If the meningo-orbital band is split, an interdural way to the lateral wall of the cavernous sinus and Meckel’s cave is reached. This is not a proper intradural approach because it spares the integrity of the dura propria and avoids to expose the brain parenchima; anyway it allows a direct and efficent way to reach the Meckel’s cave and the anterior petrosal area.
If the lesion is located below the middle cranial fossa or in the upper infratemporal fossa area, an inferior extension of the “middle cranial fossa approach” can be performed removing the floor of the MCF thus exposing the upper aspect of the infra-temporal fossa content.
In an “anterior cranial fossa approach”, the orbital part of the frontal bone is removed, along with a part of the lesser sphenoid wing, to perform a craniectomy. The greater wing of the sphenoid is normally only partially resected. Then the dura is exposed and opened if the procedure requires it. Intracranial work follows as necessary.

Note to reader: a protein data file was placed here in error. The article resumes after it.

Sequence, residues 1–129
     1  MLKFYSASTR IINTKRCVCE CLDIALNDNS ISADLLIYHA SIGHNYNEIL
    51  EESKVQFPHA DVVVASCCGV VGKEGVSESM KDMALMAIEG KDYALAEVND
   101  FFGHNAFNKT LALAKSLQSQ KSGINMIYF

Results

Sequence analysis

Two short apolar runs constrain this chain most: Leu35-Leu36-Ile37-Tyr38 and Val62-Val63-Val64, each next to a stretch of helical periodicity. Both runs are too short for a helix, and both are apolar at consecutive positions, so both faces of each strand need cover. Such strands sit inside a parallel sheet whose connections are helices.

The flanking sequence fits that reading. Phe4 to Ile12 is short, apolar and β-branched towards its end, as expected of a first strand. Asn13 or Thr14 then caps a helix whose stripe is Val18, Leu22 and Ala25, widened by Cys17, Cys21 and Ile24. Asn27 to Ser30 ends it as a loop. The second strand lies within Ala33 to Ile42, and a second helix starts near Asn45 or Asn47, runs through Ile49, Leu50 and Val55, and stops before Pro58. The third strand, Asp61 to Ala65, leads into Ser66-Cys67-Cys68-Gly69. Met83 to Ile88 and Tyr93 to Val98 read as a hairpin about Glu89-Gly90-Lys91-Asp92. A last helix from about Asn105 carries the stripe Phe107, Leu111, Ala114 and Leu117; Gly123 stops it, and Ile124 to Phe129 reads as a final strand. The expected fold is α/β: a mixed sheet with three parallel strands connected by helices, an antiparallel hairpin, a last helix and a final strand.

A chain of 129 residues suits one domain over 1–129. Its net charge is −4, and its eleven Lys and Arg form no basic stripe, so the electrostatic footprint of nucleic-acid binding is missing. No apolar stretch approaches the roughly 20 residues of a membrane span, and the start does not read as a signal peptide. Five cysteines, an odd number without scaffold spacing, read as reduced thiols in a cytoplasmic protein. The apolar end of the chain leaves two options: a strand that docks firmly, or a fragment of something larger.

Surgical instrumentations and setting
Patient position is the same as for any standard endoscopic-assisted skull-base procedure. For extradural approaches we generally do not fix the head of the patient, while the head is normally fixed if intracranial dissection is anticipated. Anyway, the head position may be changed during surgery, thus allowing different angles of attack to the surgical target. It is strongly advisable that the operating room be set to allow a double screen vision and neuronavigation. We would like to emphatize the concept that this kind of surgery can be performed endoscopically and/or microscopically, or better yet in a combined blended solution.